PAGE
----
First anti-smack Conviction
Across Pacific Magazine
First anti-smack conviction
By Lynley Smith
Challenge Weekly, New Zealand
AUCKLAND NZ (ANS) -- New Zealand family lobby group Family First NZ is calling on National leader John Key to commit to changing the anti-smacking law after a father was convicted of assault for smacking his eight year old on the bottom.
The Masterton father, 33, the first to be sentenced under the new law, received nine months' supervision in the Masterton District Court on November 21.
"Many parents are confirming that children are telling them 'you can't touch me or I'll tell the police'."
He had admitted grabbing his son by the shoulder, holding him on his knee and hitting him with an open hand. The father, who in court admitted losing his temper in the incident, pleaded guilty to assault and had already, with his wife, sought help with anger management, parenting skills and relationship counseling.
"John Key said that the law should not criminalise good parents for lightly smacking their children," said Family First national director Bob McCoskrie. "Here we have a young family, an expectant mother, a father attempting to do his very best, and a law which treats him as a criminal rather than a system that offers the support, encouragement and resources they may need.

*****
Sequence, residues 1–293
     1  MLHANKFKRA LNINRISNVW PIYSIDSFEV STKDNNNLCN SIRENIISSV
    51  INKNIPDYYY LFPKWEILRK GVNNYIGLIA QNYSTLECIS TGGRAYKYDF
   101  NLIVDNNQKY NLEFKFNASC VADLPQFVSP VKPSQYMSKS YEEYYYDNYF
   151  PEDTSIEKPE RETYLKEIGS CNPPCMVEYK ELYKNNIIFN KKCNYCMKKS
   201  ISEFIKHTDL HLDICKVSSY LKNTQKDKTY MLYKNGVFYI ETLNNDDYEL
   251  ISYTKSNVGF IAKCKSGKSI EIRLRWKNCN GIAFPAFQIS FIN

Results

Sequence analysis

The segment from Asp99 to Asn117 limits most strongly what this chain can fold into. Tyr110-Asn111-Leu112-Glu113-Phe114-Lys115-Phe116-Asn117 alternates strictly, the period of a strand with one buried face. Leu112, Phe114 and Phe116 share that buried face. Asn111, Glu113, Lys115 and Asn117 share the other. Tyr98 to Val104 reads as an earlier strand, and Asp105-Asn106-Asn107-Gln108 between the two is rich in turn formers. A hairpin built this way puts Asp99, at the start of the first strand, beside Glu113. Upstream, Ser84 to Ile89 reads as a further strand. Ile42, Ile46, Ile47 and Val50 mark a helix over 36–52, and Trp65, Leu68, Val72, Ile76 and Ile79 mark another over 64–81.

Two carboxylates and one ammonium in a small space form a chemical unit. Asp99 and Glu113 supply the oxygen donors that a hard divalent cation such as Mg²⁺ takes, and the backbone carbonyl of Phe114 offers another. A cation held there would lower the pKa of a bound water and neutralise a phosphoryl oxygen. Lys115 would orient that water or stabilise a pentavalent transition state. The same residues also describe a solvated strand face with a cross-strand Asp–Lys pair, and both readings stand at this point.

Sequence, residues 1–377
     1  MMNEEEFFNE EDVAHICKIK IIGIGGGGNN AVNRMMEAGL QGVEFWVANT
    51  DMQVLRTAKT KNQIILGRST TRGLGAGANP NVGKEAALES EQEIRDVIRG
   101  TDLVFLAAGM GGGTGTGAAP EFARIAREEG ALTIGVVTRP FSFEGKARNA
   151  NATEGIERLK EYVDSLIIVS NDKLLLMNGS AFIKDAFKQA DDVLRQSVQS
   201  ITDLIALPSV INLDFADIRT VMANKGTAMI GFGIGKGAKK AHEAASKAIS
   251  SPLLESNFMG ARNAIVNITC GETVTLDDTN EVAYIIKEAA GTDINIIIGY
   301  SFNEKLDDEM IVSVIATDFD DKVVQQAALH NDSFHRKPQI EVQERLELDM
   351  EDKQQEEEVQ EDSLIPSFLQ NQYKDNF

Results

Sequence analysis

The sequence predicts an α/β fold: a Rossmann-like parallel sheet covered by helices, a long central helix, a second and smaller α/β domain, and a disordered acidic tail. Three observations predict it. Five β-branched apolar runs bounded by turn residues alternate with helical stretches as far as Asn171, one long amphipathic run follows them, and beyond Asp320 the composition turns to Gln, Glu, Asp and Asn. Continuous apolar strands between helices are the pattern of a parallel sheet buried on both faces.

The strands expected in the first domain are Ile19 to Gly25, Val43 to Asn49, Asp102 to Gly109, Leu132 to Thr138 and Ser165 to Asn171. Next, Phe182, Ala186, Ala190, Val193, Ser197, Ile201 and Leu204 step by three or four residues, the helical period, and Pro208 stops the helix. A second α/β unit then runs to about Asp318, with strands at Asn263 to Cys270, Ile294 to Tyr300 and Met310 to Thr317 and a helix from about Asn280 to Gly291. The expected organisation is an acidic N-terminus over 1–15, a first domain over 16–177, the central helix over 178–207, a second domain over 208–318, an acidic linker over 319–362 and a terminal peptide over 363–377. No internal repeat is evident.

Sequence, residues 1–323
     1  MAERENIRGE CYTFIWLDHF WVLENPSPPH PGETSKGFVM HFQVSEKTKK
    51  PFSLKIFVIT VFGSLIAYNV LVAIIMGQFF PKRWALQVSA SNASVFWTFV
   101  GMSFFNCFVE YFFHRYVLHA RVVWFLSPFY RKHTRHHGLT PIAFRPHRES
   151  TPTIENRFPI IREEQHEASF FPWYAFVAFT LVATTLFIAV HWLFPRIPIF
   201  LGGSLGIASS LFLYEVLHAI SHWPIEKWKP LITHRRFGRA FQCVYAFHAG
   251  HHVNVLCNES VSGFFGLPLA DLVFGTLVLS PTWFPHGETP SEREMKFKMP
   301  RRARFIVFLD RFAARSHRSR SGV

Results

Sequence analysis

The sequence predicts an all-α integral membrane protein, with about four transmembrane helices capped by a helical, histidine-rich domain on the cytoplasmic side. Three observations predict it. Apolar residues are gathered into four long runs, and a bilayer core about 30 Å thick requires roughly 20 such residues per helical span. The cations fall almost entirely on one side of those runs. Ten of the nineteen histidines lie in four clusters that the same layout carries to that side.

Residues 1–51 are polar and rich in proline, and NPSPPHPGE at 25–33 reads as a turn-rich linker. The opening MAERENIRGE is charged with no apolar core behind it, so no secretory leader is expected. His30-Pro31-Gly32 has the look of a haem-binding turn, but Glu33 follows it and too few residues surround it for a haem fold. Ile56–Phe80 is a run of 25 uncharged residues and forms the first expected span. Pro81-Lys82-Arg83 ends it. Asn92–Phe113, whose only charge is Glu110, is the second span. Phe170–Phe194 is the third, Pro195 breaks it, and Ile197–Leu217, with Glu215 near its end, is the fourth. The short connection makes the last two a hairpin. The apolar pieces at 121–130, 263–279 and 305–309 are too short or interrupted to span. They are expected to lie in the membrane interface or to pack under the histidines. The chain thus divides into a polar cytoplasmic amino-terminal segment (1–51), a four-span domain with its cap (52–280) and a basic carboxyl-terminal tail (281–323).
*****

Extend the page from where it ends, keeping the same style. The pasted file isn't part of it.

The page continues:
"While community organisations working with at-risk families and Plunket are driven to their knees because of a lack of adequate funding, there seems to be no shortage of resources in investigating good parents who use a light smack."
Family First has highlighted five cases already where CYF and police have conducted intensive investigations of families simply because of supposed "abuse", including a grandmother interviewed by police for smacking a swearing granddaughter in a Warehouse store, three police appearing on the doorstep of a home where a two year old was having a bedtime tantrum, and a mother "dobbed in" to CYF by the local school.
There are similar cases being notified to Family First NZ on a weekly basis, said Mr McCoskrie.
"Many parents are confirming that children are telling them 'you can't touch me or I'll tell the police'.
"We are creating a 'paranoid parenting' environment," he said. "The predictions made by the many community groups and 83 per cent of New Zealanders who opposed this law have, unfortunately, proved true."
Lynley Smith is a reporter in the Auckland newsroom of Challenge Weekly, New Zealand's independent and non-denominational Christian newspaper.
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